Analyse méthodologique pour la recherche Data Must Speak: Enseignements tirés de l’approche modèle positive, des sciences comportementales, de la recherche sur la mise en oeuvre et de la science de la mise à l’échelle

Analyse méthodologique pour la recherche Data Must Speak: Enseignements tirés de l’approche modèle positive, des sciences comportementales, de la recherche sur la mise en oeuvre et de la science de la mise à l’échelle

AUTHOR(S)
Lorena Levano Gavidia; Cirenia Chavez; Alvaro Fortin; Luca Maria Pesando; Renaud Comba

Published: 2022 Innocenti Research Report

La pandémie a aggravé une crise de l'apprentissage et mis en péril les objectifs mondiaux. Et pourtant, même dans les contextes éducatifs les plus difficiles, certaines écoles obtiennent de meilleurs résultats que d'autres, situées dans des contextes similaires et avec un niveau de ressources équivalent. Pourquoi ces écoles exceptionnelles, connues sous le nom d'écoles "modèles positives", obtiennent-elles de meilleurs résultats en matière d'apprentissage, de rétention, d'équité et d'égalité des sexes ?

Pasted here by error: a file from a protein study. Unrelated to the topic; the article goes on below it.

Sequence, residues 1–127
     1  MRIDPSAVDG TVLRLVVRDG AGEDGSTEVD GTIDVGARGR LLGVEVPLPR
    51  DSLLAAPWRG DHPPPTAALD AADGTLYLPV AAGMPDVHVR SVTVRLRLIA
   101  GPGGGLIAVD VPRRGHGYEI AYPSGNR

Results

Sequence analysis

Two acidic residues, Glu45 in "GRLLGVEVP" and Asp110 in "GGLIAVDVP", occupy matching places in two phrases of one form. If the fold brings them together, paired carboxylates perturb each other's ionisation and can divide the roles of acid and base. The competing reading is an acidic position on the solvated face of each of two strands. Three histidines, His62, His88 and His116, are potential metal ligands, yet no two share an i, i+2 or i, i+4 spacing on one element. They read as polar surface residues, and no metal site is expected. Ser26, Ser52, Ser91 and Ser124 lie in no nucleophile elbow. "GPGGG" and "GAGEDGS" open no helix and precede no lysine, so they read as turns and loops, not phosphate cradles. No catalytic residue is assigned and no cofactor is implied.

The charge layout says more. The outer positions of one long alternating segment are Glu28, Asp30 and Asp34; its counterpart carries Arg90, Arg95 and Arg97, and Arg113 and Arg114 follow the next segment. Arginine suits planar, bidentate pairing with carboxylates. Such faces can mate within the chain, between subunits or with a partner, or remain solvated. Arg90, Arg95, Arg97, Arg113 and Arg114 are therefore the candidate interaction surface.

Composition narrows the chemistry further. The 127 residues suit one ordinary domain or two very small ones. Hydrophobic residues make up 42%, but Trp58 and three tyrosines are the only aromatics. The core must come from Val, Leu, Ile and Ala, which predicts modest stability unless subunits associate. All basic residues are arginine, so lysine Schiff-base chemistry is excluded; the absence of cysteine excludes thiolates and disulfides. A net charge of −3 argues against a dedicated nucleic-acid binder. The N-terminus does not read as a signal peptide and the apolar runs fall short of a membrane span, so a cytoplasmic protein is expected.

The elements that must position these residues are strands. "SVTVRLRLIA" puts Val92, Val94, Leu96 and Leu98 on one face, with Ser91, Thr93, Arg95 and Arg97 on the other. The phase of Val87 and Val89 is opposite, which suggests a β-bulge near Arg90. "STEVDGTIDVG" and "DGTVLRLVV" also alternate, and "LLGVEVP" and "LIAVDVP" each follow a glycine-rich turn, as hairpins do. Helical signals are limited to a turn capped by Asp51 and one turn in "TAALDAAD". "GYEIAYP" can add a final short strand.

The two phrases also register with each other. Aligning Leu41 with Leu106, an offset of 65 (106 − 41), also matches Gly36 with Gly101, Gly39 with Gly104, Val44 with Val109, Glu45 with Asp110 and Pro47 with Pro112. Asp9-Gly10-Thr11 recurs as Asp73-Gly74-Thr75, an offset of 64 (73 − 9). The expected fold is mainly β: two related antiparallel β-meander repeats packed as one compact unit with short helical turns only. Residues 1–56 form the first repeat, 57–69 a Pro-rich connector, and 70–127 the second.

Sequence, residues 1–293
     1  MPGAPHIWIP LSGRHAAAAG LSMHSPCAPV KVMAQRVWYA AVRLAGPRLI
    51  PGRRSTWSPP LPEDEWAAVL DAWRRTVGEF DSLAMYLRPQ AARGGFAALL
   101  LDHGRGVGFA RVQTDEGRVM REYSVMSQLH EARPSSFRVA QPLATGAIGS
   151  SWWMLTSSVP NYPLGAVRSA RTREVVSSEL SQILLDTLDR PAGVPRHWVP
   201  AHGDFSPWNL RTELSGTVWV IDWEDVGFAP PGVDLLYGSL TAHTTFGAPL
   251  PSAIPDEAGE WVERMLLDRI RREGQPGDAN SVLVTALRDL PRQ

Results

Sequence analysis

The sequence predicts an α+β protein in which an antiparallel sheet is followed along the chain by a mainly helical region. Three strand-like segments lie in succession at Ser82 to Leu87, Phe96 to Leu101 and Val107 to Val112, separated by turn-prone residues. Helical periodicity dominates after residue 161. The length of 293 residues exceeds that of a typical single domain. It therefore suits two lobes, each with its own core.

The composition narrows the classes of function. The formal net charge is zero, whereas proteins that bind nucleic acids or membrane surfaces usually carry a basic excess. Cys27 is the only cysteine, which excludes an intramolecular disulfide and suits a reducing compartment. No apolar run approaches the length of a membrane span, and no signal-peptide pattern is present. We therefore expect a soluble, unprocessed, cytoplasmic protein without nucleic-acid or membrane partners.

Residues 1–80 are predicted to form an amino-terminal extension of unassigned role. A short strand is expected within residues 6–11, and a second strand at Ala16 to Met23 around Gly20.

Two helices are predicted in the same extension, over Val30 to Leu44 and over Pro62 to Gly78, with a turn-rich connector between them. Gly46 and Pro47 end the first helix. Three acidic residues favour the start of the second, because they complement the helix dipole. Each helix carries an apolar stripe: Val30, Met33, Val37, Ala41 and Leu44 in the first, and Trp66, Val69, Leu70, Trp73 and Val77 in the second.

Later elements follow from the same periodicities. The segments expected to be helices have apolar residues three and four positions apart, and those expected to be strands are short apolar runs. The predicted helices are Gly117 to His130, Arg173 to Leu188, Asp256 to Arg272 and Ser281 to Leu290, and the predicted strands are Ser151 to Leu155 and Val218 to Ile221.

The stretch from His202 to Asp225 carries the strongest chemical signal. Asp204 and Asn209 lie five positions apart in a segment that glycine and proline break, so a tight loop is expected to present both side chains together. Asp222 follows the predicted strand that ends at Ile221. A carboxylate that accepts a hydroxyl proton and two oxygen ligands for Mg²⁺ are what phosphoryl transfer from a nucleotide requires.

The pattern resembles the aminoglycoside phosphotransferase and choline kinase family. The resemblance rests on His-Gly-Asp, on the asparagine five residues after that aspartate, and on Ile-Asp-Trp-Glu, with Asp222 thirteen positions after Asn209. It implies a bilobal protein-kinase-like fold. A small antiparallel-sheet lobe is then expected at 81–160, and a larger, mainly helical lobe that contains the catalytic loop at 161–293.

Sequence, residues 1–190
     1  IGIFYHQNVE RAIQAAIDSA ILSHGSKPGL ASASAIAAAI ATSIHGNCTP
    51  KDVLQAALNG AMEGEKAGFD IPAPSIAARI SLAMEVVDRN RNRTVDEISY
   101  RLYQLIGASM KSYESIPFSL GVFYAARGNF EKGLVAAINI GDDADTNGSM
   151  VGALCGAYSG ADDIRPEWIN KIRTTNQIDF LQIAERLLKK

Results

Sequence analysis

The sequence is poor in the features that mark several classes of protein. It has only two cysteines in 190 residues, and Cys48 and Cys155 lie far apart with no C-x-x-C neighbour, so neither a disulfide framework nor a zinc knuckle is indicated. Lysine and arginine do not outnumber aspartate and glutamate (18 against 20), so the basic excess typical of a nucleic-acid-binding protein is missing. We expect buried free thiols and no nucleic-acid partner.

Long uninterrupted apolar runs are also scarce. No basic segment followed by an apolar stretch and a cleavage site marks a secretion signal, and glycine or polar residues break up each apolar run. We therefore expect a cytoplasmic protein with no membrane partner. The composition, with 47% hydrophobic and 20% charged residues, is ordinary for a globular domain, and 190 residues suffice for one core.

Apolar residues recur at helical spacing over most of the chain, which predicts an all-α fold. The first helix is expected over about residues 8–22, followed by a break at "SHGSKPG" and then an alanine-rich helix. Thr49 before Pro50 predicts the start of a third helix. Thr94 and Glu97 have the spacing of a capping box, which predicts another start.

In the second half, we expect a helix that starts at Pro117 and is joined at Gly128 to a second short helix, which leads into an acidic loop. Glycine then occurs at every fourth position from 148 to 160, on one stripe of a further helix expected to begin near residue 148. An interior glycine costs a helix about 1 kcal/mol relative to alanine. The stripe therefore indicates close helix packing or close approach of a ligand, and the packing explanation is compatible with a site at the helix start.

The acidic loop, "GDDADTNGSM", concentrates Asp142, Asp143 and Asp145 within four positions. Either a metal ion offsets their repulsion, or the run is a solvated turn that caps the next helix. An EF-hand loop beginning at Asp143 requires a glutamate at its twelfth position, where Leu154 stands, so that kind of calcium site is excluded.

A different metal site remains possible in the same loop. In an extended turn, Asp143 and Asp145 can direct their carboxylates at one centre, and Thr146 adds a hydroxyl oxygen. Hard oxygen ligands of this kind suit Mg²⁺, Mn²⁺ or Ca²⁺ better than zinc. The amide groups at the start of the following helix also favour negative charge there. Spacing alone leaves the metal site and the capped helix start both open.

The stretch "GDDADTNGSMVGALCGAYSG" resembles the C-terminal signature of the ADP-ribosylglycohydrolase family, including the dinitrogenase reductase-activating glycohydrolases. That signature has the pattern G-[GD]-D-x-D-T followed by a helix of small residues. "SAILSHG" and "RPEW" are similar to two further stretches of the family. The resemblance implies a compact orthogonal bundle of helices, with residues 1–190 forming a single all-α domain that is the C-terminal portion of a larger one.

Data Must Speak (DMS) - une initiative mondiale mise en œuvre depuis 2014 - vise à combler les lacunes en matière de preuves tangibles pour atténuer la crise de l'apprentissage en utilisant les données existantes. Le volet recherche de DMS est cocréé avec les ministères de l'éducation. Il s'appuie sur des méthodes mixtes pour générer des connaissances, parallèlement à des enseignements pratiques sur ce qui fonctionne, pourquoi et comment mettre à l'échelle des solutions de terrain pour les décideurs politiques nationaux et la communauté internationale dans le domaine de l'éducation.

La recherche utilise des approches innovantes et complémentaires telles que l’approche modèle positive, des sciences comportementales, de la recherche sur la mise en œuvre et de la science de la mise à l'échelle pour identifier et mettre à l'échelle les comportements et les pratiques des écoles "modèles positives". Cette revue méthodologique présente les définitions, concepts et méthodologies clés de ces approches afin de guider et d'informer le développement et la mise en œuvre de la recherche DMS au niveau national. En s'appuyant sur des exemples existants tirés de la recherche sur l'éducation et d'autres domaines, cet revue propose également les meilleures pratiques et les leçons tirées de ces approches qui peuvent être utilisées comme référence commune et langage standard pour leurs applications futures.